#FaithAtHome aims to make prayer a household habit

The Church of England has recently launched #FaithAtHome, a new programme which it is hoped will “make prayer a household habit once again.”

#FaithAtHome will feature weekly video content to help families to talk about faith and pray together. The videos will be led by children, young people, staff and school leaders from across the country.

The #FaithAtHome programme will run for an initial 11 weeks, until the end of July, and can be accessed at churchofengland.org/faithathome.  It will explore themes including courage, patience, generosity, resilience, love and hope.

The Archbishop of Canterbury, Justin Welby, said: “The aim of these resources is to offer simple ways for families and households to approach complex and difficult topics, such as illness, fear and bereavement.  The coronavirus pandemic has forced people to confront difficult and painful questions that none of us can explore on our own.

“My hope and prayer is that #FaithAtHome will not only equip children and young people to engage with difficult questions, but also inspire them.”

The Church of England’s Chief Education Officer, Nigel Genders said: “Home is the new normal, and faith at home is a habit we need to rediscover. #FaithAtHome will offer people of all ages and faith backgrounds a chance to pause, think and reflect, and to rebuild lost habits of prayer and faithful reflection in the home.”

Christians Against Poverty (CAP) concerned at rising level of household debt

“The coronavirus crisis will push thousands of households to the brink.”  So warns a spokesman for CAP, the charity which helps people in debt.

So, while CAP approves the Government’s recent £20 per week boost for those on Universal Credit and those receiving Tax Credits, “what many won’t realise is that a staggering 2.83 million people will still fall through a gap in this vital provision.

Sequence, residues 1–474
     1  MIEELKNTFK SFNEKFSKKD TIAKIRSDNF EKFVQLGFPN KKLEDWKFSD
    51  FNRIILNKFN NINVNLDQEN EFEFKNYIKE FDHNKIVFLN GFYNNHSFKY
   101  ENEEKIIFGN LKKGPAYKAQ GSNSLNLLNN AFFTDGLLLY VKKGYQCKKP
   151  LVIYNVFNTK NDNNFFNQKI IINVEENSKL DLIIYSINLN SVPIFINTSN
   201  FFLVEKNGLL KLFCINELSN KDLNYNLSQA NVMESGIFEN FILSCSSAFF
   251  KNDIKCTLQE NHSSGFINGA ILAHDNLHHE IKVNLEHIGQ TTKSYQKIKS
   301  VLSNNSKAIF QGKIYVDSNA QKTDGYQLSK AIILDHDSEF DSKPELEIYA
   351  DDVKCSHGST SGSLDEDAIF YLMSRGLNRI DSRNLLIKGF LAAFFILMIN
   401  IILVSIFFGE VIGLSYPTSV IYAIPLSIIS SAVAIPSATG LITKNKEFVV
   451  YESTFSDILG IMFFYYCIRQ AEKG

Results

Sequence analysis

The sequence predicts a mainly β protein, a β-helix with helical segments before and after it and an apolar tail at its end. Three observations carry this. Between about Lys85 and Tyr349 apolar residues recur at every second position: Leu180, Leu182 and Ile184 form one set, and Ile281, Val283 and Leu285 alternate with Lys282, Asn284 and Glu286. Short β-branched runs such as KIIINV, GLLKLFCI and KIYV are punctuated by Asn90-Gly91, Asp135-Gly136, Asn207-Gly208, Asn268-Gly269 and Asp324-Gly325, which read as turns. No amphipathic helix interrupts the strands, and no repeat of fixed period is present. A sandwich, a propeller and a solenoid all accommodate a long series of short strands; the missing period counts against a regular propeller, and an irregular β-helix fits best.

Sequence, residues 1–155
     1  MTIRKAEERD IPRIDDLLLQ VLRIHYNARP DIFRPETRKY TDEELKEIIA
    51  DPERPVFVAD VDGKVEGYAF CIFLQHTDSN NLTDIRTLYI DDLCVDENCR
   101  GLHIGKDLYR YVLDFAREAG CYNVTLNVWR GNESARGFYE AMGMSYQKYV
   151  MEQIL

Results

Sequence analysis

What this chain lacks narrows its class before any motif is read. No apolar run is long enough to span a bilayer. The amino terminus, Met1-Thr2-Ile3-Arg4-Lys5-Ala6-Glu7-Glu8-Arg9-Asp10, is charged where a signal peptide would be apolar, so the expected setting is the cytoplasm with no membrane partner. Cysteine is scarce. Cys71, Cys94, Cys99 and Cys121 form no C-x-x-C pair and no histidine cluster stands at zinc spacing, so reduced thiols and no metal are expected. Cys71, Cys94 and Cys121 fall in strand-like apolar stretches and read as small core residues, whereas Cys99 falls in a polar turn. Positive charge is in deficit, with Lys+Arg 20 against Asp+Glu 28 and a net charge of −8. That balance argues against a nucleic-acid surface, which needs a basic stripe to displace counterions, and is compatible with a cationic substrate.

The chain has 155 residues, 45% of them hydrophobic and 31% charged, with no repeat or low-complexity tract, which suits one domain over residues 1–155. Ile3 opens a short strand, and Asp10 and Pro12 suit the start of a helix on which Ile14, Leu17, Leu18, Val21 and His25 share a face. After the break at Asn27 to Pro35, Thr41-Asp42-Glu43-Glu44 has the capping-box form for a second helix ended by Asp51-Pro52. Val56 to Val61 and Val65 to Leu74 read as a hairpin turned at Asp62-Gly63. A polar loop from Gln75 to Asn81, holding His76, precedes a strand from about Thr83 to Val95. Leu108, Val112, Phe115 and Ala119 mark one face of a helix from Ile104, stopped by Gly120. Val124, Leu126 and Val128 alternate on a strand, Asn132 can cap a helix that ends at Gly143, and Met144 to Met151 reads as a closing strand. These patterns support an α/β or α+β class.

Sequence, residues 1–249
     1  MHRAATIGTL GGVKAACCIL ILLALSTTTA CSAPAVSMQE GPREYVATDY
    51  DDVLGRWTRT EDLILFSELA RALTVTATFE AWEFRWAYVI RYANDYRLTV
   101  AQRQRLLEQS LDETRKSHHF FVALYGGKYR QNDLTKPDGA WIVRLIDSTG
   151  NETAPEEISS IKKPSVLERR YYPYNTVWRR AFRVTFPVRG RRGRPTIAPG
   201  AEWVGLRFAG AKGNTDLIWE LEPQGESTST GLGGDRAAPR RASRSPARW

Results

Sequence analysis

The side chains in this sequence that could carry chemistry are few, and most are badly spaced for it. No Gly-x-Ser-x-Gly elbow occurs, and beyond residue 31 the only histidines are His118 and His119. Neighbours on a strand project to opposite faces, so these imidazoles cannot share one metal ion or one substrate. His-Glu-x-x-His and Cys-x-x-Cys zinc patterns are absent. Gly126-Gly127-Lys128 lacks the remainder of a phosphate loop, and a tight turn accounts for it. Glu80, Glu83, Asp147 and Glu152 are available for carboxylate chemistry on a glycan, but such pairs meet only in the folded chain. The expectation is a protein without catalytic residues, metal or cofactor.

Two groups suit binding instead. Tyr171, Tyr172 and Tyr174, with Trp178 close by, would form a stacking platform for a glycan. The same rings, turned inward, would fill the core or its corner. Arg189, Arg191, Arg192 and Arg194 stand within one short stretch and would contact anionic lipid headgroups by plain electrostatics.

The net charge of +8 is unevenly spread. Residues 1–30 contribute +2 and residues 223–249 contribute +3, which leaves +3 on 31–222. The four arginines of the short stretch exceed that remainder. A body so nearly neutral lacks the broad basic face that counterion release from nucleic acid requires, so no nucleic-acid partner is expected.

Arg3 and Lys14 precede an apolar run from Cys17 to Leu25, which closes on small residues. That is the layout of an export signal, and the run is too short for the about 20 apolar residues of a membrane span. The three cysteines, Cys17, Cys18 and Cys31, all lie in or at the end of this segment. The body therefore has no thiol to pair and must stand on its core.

“These people are those who are still receiving ‘old style’ benefits that Universal Credit is designed to replace – things like Job Seeker’s Allowance (JSA) or Employment Support Allowance (ESA). 

“Around one in five of our clients will therefore miss out on the Government’s support package, which is worth more than £1,000 over the next twelve months.”

In all, CAP has listed three further changes it would like to see the Government make: 

Increase Job Seeker’s Allowance and Employment Support Allowance by £20 per week.

Increase Local Housing Allowance (LHA) rates to the median market rents. 

Suspend the benefit cap during the pandemic.

In the meantime, CAP has launched a coronavirus emergency appeal to provide everything from emergency food packages to fuel vouchers, to crucial mobile phone credit to help those who are isolated stay connected during this time.  It points out that one in five adults in the UK has less than £100 in savings, and that 38% of their clients’ debt is priority debts like rent, Council Tax and utility bills.

If you can help, go to www.capuk.org

Coronavirus cases in Africa increasing sharply

Christian Aid has warned that time is running out to prevent coronavirus overwhelming health systems across Africa.

As coronavirus infections rise sharply across the continent, and with African countries lacking the specialist equipment or staff to cope with a pandemic, the international development agency is calling for the cancellation of debt repayments from African countries this year, so that money can be freed up and spent instead on saving lives.

As the poorest continent in the world, Africa is least equipped to provide the specialist care necessary to treat people infected with coronavirus. According to the World Health Organisation there are less than 2,000 ventilators and 5,000 intensive care unit beds across the entire Africa region.

 Patrick Watt, Christian Aid’s Director of Policy, Public Affairs and Campaigns, said: “Debt repayments falling due this year should be cancelled in full if we want African countries to have a fighting chance of limiting the spread of coronavirus, and surviving the hit to their economies.

“It is completely perverse that dozens of the world’s poorest countries are expected to pay debts to wealthy creditors in the midst of the biggest global health challenge in a generation, and the worst economic downturn since the 1930s. At this moment, cancelling the debt is a matter of life and death.”

Source for all news items : Parish Pump